He wrote a now-classic book called “Dying Well”, which told the stories of a dozen patients he had treated in Missoula. It proposed that managing pain, focusing on important relationships and otherwise letting nature take its course can be a kinder path than preventing death at all costs.
Another book, “The Four Things That Matter Most,” counseled dying people to tell those closest to them these things: “Please forgive me.” “I forgive you.” “Thank you.” “I love you.”
Byock, who served a term as president of the American Academy of Hospice and Palliative Medicine, left Missoula in 2003 to become director of palliative medicine at Dartmouth–Hitchcock Medical Center at Dartmouth University.
“I consider Ira a rock star of palliative care,” said Judy Peres, an end-of-life care expert. “He’s a compassionate zealot. He has a strong belief that the system needs to do better and we need to recognize dying as a part of life.”
Providence Health & Services Chief Executive Rodney F. Hochman brought Byock to Los Angeles last year to head up the new Providence Institute for Human Caring, which will work to improve end-of-life care for patients of the healthcare system, which operates 34 hospitals in five states.
Hochman called convincing a superstar to join his outfit “a home run.”
Byock, who has family ties in the region, said he considered the move a great fit too.
“I know it’s a Catholic health system, and I’m a Jewish boy from New Jersey,” he told The Times. “But it feels very Jewish to me. This notion that we can provide excellent medical care in ways that are tender and loving. That we respect people’s inherent dignity. That there is value not just to the individual but also to family and community. That is very consistent with my upbringing.”
Over the course of his career, Byock got more and more involved in policy, arguing that America faces a “public health crisis” when it comes to dying.
He made that case again to the Westlake High class.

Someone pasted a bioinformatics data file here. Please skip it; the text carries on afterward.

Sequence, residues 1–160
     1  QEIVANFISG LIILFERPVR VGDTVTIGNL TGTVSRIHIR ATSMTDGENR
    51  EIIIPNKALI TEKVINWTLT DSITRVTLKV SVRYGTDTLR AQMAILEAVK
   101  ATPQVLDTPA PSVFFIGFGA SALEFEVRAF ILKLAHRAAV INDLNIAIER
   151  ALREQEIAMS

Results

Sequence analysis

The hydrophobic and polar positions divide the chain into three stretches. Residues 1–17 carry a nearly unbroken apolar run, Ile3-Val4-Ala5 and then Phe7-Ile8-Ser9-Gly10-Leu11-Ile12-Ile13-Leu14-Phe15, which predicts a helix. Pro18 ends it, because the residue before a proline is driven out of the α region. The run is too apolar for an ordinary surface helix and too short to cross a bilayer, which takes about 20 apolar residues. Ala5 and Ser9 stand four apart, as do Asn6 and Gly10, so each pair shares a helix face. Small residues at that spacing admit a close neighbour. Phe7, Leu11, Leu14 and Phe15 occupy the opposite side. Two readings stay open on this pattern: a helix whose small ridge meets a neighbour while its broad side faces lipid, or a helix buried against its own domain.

“Many, many people are getting really, really good treatments for their disease — and getting really, really bad care during the last months, weeks and days of their lives,” he told the students. “We confuse diagnosis and treatment of disease with care of human beings.”
Doctors aren’t properly trained or compensated, he said, for having discussions with patients about their preferences for treatment at the end of life. Many escalate disease treatment even when it is futile or causes suffering.
About 20% of Americans die in intensive-care units. People with no chance of a meaningful recovery, Byock said, are routinely hooked up to life-sustaining machines for treatment they never would have wanted, if only someone had talked with them about it.
To provide better deaths, he would like to see reforms like those recommended in the 2014 report “Dying in America,” released by the Institute of Medicine. It urged wider availability for hospice and palliative care, systems to improve end-of-life planning and payment incentives that would favor care that avoids visits to emergency rooms and intensive care units.
He would not like to see doctors write lethal prescriptions. He had been saying so for years.
Among his arguments:
•Physicians aren’t supposed to kill their patients.
•Even with safeguards in place, assisted suicide puts vulnerable people at risk.